Plasma clearance of bilirubin reflects the rate of hepatocyte uptake, trivial reflux backward into plasma, and the rate of glucuronide conjugation. At the hepatocyte surface, bilirubin is efficiently extracted as it dissociates from albumin in the space of Disse. (See Anatomy of the Hepatobiliary System Anatomy of the Hepatobiliary System in Small Animals The liver is the largest discrete organ in the body. The liver is uniquely supplied by arterial and venous blood. Oxygen-rich arterial blood provides ~20%–30% of hepatic perfusion, with the... read more .) UnBr is promptly conjugated with glucuronic acid, generating water-soluble bilirubin diglucuronide (or monoglucuronide), denoted as conjugated bilirubin (CBr).
Conjugation facilitates canalicular clearance; there is now a molecular binding partner for this step. Canalicular secretion is considered the rate-limiting factor for bilirubin clearance; CBr contributes ~96%–99% of biliary bilirubin. Bilirubin in bile determines its yellow-green pigmentation.
Upon alimentary discharge with bile, the hydrophilicity and large molecular size of CBr impede its passive resorption. Trivial amounts of UnBr in bile or UnBr formed by enteric bacterial deconjugation undergo some degree of enterohepatic recycling.
In some patients with impaired hepatic bilirubin elimination, oxidation of bilirubin by mixed-function oxidases in liver and elsewhere can assist with bilirubin dissipation (clearance); this is noted by a gradual decline and plateaued hyperbilirubinemia in animals with major bile duct obstruction or pathological ductopenia.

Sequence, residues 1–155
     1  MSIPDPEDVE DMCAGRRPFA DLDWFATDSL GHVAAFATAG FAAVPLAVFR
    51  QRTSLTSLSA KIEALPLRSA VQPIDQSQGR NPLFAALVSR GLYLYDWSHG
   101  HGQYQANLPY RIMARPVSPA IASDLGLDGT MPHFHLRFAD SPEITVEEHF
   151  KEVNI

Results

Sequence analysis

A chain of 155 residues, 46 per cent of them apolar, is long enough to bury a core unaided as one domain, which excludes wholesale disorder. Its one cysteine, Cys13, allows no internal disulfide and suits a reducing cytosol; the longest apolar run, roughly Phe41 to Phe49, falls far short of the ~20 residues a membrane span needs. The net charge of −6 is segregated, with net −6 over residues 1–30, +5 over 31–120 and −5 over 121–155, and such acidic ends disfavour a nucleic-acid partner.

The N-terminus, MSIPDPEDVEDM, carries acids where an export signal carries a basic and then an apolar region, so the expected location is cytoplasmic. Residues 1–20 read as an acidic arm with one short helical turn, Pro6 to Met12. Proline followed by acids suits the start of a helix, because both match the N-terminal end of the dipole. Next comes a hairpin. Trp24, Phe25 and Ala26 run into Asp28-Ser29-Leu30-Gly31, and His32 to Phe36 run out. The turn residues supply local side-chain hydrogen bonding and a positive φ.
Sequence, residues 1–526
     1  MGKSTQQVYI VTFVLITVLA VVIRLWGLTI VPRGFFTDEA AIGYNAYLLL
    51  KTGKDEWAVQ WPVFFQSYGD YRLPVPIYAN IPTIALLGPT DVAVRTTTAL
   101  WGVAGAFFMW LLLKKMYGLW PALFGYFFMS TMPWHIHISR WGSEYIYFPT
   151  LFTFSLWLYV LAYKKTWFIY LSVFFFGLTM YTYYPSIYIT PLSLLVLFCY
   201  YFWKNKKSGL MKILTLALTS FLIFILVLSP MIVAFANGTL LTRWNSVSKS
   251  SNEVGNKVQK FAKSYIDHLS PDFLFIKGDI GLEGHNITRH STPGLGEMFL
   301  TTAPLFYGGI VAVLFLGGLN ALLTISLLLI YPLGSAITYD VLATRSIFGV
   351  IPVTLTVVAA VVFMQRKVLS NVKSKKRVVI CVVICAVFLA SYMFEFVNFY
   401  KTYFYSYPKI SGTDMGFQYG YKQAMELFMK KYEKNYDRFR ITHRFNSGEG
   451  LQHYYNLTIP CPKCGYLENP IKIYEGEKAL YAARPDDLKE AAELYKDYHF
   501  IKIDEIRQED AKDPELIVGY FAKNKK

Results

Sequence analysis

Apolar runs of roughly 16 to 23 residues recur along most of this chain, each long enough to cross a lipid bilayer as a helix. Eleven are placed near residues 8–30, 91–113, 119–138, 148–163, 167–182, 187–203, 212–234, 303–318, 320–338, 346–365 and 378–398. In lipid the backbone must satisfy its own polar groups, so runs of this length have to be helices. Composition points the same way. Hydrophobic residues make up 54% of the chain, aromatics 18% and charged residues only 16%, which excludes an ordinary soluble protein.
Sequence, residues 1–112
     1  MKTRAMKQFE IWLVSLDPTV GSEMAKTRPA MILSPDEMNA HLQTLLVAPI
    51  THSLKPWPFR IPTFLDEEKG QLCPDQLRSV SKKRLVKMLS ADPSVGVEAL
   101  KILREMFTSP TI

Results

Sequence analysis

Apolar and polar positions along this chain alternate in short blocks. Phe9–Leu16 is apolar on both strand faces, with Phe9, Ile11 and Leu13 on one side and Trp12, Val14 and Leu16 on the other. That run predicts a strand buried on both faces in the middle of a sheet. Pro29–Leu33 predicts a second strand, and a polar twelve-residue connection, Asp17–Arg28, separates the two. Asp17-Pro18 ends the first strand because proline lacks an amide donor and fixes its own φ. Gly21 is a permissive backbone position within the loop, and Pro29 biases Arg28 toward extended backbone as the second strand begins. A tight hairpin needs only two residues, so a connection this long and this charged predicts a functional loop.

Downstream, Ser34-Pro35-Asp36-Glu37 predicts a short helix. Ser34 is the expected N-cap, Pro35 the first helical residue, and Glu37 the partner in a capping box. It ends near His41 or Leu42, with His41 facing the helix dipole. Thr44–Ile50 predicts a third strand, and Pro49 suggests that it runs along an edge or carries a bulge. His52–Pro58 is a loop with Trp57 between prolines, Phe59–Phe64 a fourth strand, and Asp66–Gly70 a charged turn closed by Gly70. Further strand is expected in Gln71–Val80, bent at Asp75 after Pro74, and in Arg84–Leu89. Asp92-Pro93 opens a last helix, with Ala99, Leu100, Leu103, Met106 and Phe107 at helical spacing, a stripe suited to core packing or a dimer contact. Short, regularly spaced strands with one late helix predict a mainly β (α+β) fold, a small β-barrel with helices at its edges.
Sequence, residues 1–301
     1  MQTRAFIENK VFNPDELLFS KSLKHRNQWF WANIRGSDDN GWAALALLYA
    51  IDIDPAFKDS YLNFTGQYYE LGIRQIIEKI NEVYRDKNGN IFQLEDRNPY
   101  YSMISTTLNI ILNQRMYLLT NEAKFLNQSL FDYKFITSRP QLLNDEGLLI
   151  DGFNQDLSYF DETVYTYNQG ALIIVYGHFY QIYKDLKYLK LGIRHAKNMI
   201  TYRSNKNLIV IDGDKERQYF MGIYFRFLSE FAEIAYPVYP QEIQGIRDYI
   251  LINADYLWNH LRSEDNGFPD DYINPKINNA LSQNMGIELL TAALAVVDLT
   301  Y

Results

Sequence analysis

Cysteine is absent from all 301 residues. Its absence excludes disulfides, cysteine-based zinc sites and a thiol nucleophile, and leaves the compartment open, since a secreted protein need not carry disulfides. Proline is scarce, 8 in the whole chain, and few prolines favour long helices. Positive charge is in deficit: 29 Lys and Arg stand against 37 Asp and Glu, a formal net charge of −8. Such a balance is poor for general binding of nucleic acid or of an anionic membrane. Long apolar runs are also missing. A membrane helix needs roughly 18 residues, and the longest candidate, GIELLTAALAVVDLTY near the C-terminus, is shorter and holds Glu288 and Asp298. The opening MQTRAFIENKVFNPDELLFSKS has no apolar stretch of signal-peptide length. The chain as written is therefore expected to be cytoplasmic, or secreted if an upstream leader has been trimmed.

Enteric Bilirubin Metabolites
Once bile enters the alimentary canal, CBr is reduced by colonic bacterial enzymes into a number of urobilinogens. The two major urobilinoids are urobilinogen and stercobilinogen (see ). Initially colorless precursors are transformed into yellow-orange or brown pigmented products upon oxidation to urobilins.
Urobilinogens and their derivatives are partially absorbed from the bowel into the portal circulation and undergo some extent of enterohepatic recycling before elimination in feces or urine.
Animals with hemolytic jaundice can display orange-green to brown fecal pigmentation reflecting extreme formation of urobilinogens and stercobilinogens. In cholestatic jaundice impeding biliary elimination of CBr, renal clearance may account for 50%–90% of bilirubin elimination (orange urine pigmentation, despite lack of urine concentration). With unconjugated hyperbilirubinemia, biliary clearance is the only route of UnBr elimination.